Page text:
5. Extra support for Flemish translators providing additional educational opportunities for Flemish translators (five special mentorships and five dual translations) = €30,000 a year.The amounts given above are calculated on the basis of the current distribution formula 2/3 (Netherlands), 1/3 (Flanders).
  • Increase travel and research opportunities for translators from and into Dutch. Translators fulfil an important role as cultural mediators. Cultural mediation is always a two-way street, and when abroad, literary translators are excellently placed to act as ambassadors of their own cultures. We propose to:
    1. Fellowships initiate a number of fellowships that will enable professional literary translators to conduct workshops at foreign universities and other educational institutions (3 x €10,000) = €30,000;
    2. Travel grants for translation centres institute a number of travel grants that will enable translators into Dutch to stay at European translation centres (25 x €250) = €6,250.
  • Increase the public visibility of translators Increase the public visibility of literary translators, which can also contribute significantly to the image of the profession overall. To this end, financial scope will have to be created for co-financing of projects through the Schrijvers School Samenleving and the Flemish Reading Association = €30,000 a year.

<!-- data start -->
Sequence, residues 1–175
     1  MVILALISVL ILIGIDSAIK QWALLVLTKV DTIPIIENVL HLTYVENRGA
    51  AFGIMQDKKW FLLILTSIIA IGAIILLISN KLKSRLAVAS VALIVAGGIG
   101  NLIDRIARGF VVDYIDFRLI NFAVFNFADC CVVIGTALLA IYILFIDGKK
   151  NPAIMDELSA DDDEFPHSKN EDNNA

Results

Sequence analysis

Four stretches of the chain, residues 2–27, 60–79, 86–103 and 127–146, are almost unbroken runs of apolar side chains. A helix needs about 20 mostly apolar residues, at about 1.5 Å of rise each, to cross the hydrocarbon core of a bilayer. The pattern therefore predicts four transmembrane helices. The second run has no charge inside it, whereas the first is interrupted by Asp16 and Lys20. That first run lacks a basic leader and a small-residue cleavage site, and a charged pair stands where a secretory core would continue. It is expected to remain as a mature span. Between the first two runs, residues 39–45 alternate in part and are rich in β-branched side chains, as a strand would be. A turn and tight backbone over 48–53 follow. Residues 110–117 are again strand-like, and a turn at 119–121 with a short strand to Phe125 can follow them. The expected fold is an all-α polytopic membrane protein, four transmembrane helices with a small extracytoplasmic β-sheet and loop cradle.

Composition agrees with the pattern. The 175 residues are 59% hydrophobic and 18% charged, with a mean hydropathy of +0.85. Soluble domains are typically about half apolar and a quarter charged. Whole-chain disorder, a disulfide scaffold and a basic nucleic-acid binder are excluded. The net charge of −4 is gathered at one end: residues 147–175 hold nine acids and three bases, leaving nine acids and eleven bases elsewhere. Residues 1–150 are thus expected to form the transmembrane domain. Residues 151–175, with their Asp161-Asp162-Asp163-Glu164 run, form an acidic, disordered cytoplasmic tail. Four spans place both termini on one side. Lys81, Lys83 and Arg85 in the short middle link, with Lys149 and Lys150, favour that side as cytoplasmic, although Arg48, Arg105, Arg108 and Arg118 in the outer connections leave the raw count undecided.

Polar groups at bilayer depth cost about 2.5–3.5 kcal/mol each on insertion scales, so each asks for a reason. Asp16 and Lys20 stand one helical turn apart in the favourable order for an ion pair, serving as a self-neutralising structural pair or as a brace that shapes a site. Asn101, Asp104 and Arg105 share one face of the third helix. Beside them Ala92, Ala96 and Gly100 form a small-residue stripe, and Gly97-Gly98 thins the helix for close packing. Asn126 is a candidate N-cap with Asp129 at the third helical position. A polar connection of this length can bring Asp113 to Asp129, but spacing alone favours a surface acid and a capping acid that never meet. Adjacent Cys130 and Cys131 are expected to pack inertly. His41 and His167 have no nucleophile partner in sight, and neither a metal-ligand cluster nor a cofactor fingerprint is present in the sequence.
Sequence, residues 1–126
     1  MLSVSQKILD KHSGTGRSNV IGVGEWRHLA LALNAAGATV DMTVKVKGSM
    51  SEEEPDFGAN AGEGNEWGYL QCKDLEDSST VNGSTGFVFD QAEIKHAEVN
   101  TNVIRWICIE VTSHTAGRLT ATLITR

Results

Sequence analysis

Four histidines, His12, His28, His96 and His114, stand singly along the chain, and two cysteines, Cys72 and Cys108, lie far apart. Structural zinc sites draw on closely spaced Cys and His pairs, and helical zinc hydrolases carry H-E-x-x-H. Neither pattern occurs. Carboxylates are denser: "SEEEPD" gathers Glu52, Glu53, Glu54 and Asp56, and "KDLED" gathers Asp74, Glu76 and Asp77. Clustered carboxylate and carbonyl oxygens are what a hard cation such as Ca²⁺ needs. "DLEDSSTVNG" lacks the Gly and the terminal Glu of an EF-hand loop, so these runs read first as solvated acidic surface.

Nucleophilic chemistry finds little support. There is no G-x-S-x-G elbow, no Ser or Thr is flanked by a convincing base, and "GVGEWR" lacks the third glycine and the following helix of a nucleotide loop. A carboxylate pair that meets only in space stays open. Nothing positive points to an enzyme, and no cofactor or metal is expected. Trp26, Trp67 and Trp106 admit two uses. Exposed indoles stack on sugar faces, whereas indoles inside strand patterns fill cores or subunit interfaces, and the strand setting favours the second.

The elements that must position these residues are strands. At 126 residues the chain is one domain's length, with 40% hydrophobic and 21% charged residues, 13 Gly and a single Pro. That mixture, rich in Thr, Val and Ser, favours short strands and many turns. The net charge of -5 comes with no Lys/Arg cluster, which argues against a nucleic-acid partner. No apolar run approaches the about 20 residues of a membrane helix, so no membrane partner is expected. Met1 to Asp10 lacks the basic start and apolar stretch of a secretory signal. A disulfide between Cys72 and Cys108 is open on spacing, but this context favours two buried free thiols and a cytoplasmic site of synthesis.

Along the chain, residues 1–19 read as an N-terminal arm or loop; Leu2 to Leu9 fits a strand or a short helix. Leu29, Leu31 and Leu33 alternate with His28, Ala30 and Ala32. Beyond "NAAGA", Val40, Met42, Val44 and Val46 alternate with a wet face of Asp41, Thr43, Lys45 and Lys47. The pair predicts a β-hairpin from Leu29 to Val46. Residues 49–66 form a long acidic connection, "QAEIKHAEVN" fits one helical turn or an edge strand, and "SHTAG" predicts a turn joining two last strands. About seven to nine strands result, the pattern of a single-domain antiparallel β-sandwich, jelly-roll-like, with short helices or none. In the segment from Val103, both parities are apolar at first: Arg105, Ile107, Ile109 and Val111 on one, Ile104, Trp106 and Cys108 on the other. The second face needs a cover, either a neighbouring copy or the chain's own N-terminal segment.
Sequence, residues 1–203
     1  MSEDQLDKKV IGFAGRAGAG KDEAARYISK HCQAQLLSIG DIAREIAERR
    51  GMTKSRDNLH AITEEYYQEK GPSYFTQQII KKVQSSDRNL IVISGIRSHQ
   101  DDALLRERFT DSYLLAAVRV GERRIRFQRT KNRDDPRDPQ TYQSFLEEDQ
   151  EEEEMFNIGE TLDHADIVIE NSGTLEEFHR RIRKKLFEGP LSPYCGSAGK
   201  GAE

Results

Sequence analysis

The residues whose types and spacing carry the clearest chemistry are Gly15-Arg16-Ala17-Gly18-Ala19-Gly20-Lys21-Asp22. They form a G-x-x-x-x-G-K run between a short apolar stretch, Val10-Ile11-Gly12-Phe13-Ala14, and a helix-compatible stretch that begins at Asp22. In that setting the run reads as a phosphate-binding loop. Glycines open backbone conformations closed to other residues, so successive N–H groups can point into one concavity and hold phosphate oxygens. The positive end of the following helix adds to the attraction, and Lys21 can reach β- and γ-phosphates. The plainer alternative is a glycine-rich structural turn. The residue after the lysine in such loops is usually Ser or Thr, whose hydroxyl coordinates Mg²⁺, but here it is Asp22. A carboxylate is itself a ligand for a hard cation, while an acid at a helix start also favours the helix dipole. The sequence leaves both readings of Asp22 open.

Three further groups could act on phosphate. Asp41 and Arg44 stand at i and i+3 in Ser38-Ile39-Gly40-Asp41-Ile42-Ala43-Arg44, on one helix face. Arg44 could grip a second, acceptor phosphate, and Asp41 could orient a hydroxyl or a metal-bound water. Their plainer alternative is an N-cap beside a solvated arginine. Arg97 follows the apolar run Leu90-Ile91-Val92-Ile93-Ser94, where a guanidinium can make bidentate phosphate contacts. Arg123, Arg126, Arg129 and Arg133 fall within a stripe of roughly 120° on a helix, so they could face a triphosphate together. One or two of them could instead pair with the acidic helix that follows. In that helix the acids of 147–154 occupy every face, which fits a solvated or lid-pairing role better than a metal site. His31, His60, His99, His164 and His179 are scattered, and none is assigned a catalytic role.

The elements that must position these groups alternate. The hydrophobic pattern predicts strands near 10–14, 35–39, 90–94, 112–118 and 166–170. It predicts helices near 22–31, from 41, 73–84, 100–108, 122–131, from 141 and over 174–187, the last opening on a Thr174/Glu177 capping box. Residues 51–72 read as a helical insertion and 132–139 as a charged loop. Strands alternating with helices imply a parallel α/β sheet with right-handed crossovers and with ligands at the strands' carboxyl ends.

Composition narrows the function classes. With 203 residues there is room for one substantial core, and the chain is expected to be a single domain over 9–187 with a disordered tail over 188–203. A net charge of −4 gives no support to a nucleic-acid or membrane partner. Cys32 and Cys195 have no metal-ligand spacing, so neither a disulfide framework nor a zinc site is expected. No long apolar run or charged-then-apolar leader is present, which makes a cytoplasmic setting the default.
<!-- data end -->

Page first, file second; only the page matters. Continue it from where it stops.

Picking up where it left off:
• Protect diversity Enable the literary funds to protect and, wherever possible, increase literary diversity: ‘difficult’ books or genres pose a direct risk for the publisher and demand a great deal of expertise and time on the part of the translator. Through a combination of translation and production subsidies these ‘difficult’ books (often classics of world literature) can reach a new audience without placing an undue burden on the translator. €100,000 a year would enable about ten such translations to be made.
  • Translating culturally significant non-fiction Enable the funds to do more to provide scholarships for the translation of culturally important works of nonfiction into Dutch. All over the world these translations play an essential part at the interface of art and knowledge. Because a great deal of non-literary nonfiction (e.g. cultural-historical texts) falls outside the mandate of the literary funds and is thus ineligible for subsidies, professional translators generally prefer to work on literary projects. Increasing scope for funding translations of non-literary fiction would greatly benefit the quality of such translations.
  • Separate status for literary translation in the European Culture Programme Do more to highlight the importance of literary translation in a European context and insist that the written tradition and the European translation centres be given a special status in the next European Culture Programme for 2014-2021.
  • Legal price agreements Amend the Copyright Act so as to permit or even require price agreements between authors and publishers. This is crucial if self-employed translators are to have a viable future. The amounts given above are calculated on the basis of the current distribution formula 2/3 (Netherlands), 1/3 (Flanders).
  • Dutch Foundation for Literature
  • Foundation for the Production and Translation of Dutch Literature
  • Flemish Literature Fund
  • Dutch Language Union
  • Expertisecentrum Literair Vertalen